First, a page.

Mike Leach is the perfect coach for Washington State
Former Texas Tech coach Mike Leach will make Washington State a winning program again.
Seattle Times staff columnist
Mike Leach bio
New Washington State football coach Mike Leach will be introduced Tuesday at a news conference in Pullman.
Age: 50, born March 9, 1961 in Susanville, Calif.
Education: Graduated from Cody (Wyo.) High School, Brigham Young University. Earned a law degree from Pepperdine and a Master's in sports science/coaching from the U.S. Sports Academy.
Assistant coaching career: Coached as an assistant at Cal Poly (1987) and College of the Desert (1988). Offensive coordinator at Iowa Wesleyan (1989-91), Valdosta State (1992-96), Kentucky (1997-98) and Oklahoma (1999).
Texas Tech: Leach was head coach at Texas Tech from 2000-09, compiling an 84-43 record and leading the Red Raiders to a bowl game each of his 10 seasons.
Flash back a mere four seasons ago. The 2008 Apple Cup in Pullman. Washington and Washington State came in with a combined one win in 21 games and this game, and these programs were the sources of derision around the nation. That is, if anybody was paying attention.
Football in the state was irrelevant. Programs that had produced Rose Bowl champions, national titles and dozens of All-Americans were the targets of one-liners.
And that day, the Apple Cup lived down to expectations. That day the Cougars took advantage of just enough Husky mistakes to beat Washington 16-13 in double overtime. And afterward, you had to wonder how long it would take for the Apple Cup to have meaning again.
Now we know.
With Washington State's hiring of former Texas Tech coach Mike Leach on Wednesday, football in this state once more became competitive.
"The Pirate" is in Pullman. Hiring Leach is a game changer, it's an Apple Cup changer. Rivalry week is alive again in Washington.
With this hire, Washington State emerges from the deep shadows of college football and back into the spotlight. The nation will pay attention to Leach. Cable pundits will be curious to see if he can win in Pullman like he did in Lubbock.
Guess what? He will.
Who knows? Maybe even ESPN's "Game Day" will show up in Pullman next year. Maybe Lee Corso will utter another expletive as he fumbles with a Husky head or a Cougar mask while making his Apple Cup prediction.
The game and now both programs have juice again.
I know there are many Husky fans who wish Wazzu would be Apple Cup patsies in perpetuity. But for the rest of us, the idea of regularly having two bowl-going universities in the same state is exciting and intriguing.
And the athletic directors at both schools, Washington's Scott Woodward and WSU's Bill Moos, deserve credit for standing their ground and demanding revenue sharing among their Pac-12 brothers.
The money Washington State is getting from the conference's new television deal allowed Moos to be bold this week and hire exactly the right guy for the job.
But as he insinuated on Wednesday, now that he has written the check to hire a high-profile coach like Leach, he expects boosters to open their checkbooks and contribute to the tangible improvements planned for Martin Stadium and the football program.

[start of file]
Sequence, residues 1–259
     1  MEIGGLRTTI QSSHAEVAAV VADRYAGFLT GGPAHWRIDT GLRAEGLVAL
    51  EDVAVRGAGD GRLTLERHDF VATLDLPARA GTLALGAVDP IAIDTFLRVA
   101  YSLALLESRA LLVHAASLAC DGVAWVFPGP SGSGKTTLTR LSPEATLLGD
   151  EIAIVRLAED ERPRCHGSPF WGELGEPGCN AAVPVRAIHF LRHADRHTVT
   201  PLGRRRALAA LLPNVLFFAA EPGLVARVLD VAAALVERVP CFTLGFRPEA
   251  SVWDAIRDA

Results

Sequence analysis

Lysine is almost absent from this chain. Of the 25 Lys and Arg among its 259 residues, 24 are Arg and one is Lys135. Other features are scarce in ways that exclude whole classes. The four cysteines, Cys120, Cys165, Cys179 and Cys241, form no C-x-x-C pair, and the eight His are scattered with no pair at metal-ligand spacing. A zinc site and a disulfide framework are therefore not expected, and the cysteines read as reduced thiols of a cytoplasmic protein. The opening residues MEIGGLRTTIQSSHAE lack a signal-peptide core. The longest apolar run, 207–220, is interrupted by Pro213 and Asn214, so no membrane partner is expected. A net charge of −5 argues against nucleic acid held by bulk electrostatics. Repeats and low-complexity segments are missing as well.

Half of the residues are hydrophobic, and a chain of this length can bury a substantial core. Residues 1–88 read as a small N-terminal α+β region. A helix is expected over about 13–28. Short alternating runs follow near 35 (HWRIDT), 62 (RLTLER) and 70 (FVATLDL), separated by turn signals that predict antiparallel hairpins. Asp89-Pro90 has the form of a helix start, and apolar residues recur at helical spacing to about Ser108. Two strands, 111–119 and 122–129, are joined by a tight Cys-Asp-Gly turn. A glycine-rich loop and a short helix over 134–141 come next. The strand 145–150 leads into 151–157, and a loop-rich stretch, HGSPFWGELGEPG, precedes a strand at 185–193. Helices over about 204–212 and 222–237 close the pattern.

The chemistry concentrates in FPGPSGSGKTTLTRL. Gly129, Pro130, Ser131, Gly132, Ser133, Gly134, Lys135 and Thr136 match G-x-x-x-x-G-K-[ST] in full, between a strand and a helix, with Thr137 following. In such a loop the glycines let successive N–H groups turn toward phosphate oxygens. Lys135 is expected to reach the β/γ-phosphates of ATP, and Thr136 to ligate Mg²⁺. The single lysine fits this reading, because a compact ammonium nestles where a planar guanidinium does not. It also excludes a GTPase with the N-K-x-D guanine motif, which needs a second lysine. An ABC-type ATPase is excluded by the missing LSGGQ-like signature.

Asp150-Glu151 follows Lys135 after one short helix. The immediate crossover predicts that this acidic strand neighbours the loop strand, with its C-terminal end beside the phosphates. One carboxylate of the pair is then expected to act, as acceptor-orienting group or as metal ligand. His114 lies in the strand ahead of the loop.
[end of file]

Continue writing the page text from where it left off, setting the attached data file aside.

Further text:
Moos worked on this hire like a coach recruiting a blue-chip prospect. He traveled to Key West, Fla., to meet with Leach. He understood Leach was the exact fit for Pullman. This was his Cinderella hire.
Leach, 50, knows how to recruit to a small university town far away from the brightest lights. And he knows how to win there.
He is the perfect marriage of place and predicament. He coached in Lubbock, Texas. Ever been to Lubbock? It's Ellensburg without the hustle and bustle. (That's just a joke, Lubbock.) It's as windy as Candlestick at sunset and as exciting as Colfax on Monday nights.
But Leach made it a destination for football players. He brought the nation to Lubbock. History says he will do it in Pullman. He will fill Martin Stadium. He will cause a commotion.
In 10 seasons at Texas Tech, before his controversial firing, Leach's teams were 84-43. And the truth is football fans in Pullman will walk across wheat fields in bare feet in November to watch Washington State teams that are as good as Leach's were at Texas Tech.
Washington State is a unique place, with a unique fan base. It needs a creative coach with an innovative system. Leach proved he doesn't need a gaggle of four-star recruits to win.
Give him a bunch of guys who can run and catch, and his offense will find the space to make them effective. The pass-happy spread offense that Leach calls "Air Raid" will be ideal for the Cougars.
Imagine the excitement returning quarterbacks Jeff Tuel and Connor Halliday are feeling today. Eight of Leach's quarterbacks have led the nation in passing.
Think about the offense next year with Marquess Wilson and Bobby Ratliff and who knows how many other skittering wideouts and slotbacks running loose in the secondary.
If Moos is smart — and we know he is — he should immediately introduce Leach to Bothell's senior wide receiver, Trent Sewell, a big, sure-handed receiver who runs crisp routes. Sewell is close to signing with Wyoming, but wants to play at Washington State. He would be a good fit in Pullman.
Just like Mike Leach.
Steve Kelley: 206-464-2176 or email@example.com
About Steve Kelley
Steve Kelley covers all sports, putting his spin on matters involving both the home team and the nation.
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